Coal mining and fire fighting indeed are very difficult work to attend
Yet workers are there sacrificing their joy and family welfare-grand
Firefighters are the most courageous and fearless people who dedicate
Their lives for the protection of people and property. Firefighters are tasked
With running towards danger instead of away from it. They rescue people
From burning buildings and vehicles and are well trained to put out a fire.
They even work for long hours at a stretch and are on duty for more than
Twenty four hours. to recognise and honour the sacrifices that firefighters
Make to keep our communities and environment safe
International Firefighters’ Day is observed every year- it is today.
Coal Miners Day is observed on Fourthh May every year to highlight
The toughest profession and the people working in coal mines.
This day show appreciation for the sacrifices, honour the accomplishments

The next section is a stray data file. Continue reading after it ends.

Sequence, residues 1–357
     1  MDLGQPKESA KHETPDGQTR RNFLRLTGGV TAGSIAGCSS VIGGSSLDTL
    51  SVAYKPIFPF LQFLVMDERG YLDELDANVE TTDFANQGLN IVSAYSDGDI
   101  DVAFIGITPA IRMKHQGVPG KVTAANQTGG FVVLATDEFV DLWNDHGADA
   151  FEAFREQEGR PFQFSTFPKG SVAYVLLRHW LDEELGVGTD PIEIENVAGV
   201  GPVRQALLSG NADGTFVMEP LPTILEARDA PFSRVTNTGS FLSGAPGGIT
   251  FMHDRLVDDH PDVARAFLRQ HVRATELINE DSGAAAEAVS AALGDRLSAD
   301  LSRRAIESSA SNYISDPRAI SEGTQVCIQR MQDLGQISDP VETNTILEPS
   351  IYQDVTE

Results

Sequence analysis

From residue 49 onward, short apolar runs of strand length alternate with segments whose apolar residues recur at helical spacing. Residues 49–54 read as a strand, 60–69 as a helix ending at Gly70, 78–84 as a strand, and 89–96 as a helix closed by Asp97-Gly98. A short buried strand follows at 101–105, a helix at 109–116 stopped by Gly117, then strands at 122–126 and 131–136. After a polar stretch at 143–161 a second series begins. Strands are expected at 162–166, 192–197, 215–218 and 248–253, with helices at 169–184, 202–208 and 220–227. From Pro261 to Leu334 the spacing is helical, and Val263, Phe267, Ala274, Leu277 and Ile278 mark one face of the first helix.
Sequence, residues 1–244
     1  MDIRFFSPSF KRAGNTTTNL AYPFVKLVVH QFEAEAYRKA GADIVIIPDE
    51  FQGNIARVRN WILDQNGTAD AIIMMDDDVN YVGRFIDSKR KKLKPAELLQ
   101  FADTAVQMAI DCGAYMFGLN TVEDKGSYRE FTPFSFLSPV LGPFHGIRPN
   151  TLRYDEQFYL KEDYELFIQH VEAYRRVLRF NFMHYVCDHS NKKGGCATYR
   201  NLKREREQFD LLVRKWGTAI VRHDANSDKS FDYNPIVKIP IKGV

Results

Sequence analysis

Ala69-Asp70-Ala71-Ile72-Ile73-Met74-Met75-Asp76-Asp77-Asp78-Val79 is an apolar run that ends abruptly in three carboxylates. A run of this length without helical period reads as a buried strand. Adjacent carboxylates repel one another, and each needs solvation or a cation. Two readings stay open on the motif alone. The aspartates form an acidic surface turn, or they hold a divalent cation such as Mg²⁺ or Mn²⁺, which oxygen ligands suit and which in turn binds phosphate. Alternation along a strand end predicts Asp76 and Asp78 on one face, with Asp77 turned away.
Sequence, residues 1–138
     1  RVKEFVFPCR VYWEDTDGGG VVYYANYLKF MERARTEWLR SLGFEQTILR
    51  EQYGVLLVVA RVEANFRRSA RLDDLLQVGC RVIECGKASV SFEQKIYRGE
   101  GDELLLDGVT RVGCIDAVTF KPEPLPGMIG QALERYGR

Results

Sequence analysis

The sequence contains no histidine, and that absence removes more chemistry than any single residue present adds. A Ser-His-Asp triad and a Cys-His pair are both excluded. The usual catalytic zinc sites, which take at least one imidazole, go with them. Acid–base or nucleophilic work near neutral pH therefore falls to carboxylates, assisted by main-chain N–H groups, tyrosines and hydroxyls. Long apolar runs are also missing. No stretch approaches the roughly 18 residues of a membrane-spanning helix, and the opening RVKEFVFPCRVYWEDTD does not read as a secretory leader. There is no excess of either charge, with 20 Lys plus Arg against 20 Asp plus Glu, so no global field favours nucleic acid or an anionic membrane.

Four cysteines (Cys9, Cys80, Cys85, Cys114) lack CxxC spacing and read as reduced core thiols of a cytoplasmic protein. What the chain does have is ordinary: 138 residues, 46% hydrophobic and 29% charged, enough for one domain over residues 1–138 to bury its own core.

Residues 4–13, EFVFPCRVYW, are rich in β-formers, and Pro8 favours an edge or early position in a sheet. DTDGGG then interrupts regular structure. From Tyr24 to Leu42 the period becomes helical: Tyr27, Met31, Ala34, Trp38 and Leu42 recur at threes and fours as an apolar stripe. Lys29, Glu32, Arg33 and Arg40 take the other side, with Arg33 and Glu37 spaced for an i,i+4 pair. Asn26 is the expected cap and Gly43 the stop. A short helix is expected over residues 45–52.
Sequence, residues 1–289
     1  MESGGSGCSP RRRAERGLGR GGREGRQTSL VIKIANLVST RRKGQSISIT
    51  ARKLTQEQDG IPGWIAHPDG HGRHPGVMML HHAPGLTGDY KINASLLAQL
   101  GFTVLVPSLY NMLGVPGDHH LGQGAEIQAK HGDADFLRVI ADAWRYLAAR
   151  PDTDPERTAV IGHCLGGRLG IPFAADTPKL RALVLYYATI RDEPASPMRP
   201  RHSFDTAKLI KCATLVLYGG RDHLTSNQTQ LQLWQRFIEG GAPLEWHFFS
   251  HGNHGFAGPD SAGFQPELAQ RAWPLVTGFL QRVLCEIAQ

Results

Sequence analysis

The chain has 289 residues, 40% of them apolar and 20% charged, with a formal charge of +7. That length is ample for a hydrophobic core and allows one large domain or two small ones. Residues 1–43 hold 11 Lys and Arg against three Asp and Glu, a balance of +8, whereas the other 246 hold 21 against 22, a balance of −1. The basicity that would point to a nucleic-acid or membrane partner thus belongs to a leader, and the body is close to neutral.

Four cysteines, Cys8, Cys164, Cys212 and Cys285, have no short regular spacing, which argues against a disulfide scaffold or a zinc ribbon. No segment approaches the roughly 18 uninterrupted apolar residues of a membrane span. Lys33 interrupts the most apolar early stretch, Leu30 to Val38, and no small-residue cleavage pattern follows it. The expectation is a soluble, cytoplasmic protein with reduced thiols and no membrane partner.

And remember the tragedies that these hardworking individuals experience.
Coal Miners became increasingly important during the Industrial revolution (between 1760 and 1840) when coal was burnt on a large scale to fuel stationary and locomotive engines and heat buildings. Owing to coal’s strategic role as a primary fuel, coal miners have figured strongly in labour and political movements since that time.
In India coal mining began in 1774 when John Sumner and Suetonius Grant Healthy of the East India Company commenced commercial exploitation in the Raniganj Coalfield along the Western bank of Damodar River. Further, the introduction of steam locomotives in 1853 boosted demand and production of coal increases. In India, coal-rich regions are Orissa, Jharkhand, West Bengal, Chhattisgarh and some central and southern parts of the country.
Mainly miners spend their days tunneling, digging and extracting coal from the mines. It is known that more than half of India’s commercial energy needs are fulfilled by coal. It is the main fuel for generating power, making steel and cement.